In response to Mike Pantling (Letters, Lynn News, October 14). Mr Pantling as a long-term member of the Labour party and clearly on the right of the party, or what he and his allies would euphemise as moderately left, is naturally aggrieved by the fact that Jeremy Corbyn has been re-elected leader again.
The crux of his letter, referring to my “sad” misunderstanding of the workings of Parliament and the Labour party, was that Labour MPs opposed to Mr Corbyn’s leadership were nevertheless elected by their constituents and not the Labour party and are therefore not bound by the Labour party constitution or pedantic Parliamentary rules to seek mandatory re-selection by their respective constituency Labour parties. However it’s hardly political rocket science that whatever previous Labour party policies were, they, as Labour MPs in the light of Mr Corbyn’s victory, should do so as they are all clearly identifiable as being unrepresentative of grass root Labour thinking and, even after Mr Corbyn’s second emphatic victory, are clearly intent with the backing of the capitalist press to defy him at every hurdle.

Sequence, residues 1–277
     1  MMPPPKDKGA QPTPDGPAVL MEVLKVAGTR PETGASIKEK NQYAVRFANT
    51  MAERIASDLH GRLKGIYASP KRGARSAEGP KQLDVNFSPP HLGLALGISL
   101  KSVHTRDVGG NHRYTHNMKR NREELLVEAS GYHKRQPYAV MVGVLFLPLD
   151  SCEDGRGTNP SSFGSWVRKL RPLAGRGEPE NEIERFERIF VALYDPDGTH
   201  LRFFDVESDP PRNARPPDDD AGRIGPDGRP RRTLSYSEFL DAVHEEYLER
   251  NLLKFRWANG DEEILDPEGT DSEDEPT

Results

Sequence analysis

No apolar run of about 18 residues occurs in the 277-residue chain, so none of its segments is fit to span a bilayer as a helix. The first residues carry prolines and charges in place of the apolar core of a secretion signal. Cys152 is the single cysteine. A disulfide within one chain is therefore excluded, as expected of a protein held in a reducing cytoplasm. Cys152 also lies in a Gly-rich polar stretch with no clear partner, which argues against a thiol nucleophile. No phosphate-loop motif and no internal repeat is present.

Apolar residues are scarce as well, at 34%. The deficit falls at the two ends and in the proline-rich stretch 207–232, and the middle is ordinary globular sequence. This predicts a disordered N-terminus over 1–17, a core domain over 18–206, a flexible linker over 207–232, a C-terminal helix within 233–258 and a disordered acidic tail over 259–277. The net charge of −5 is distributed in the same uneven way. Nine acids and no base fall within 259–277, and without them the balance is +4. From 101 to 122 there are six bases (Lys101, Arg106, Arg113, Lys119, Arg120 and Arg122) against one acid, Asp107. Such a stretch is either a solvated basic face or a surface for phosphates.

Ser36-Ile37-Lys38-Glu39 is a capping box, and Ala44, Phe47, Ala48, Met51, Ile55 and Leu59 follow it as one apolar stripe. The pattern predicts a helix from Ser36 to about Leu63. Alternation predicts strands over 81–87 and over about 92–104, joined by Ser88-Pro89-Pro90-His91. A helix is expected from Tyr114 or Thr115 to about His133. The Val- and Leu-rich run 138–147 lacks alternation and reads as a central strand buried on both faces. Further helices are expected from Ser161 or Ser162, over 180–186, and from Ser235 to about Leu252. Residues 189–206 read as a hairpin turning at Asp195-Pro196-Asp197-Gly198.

Quite obviously what the likes of Mr Pantling cannot stomach is the fact that whatever Mr Corbyn’s leadership achieves or doesn’t achieve in the long run, at least his short tumultuous period as leader has brought into sharp focus the type of Labour candidate that should present themselves to party members for selection and indeed the wider voting public as a whole.
Mr Pantling predictably emphasises that the Labour party membership backing Corbyn doesn’t represent the voting public as a whole who will determine whether Labour forms a government in the future. Yet I’ll put it to him where does the wider voting public get their facts and ideas from about political parties and what they stand for if it wasn’t for primarily the members?
Nick Vinehill, Snettisham